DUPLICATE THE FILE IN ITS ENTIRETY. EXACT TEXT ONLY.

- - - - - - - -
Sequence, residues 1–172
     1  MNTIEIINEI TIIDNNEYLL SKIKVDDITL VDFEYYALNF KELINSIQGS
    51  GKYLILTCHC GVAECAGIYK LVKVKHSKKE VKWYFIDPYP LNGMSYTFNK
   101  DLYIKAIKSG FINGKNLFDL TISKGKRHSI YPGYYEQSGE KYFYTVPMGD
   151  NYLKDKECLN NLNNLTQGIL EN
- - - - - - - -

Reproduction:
Sequence, residues 1–172
     1  MNTIEIINEI TIIDNNEYLL SKIKVDDITL VDFEYYALNF KELINSIQGS
    51  GKYLILTCHC GVAECAGIYK LVKVKHSKKE VKWYFIDPYP LNGMSYTFNK
   101  DLYIKAIKSG FINGKNLFDL TISKGKRHSI YPGYYEQSGE KYFYTVPMGD
   151  NYLKDKECLN NLNNLTQGIL EN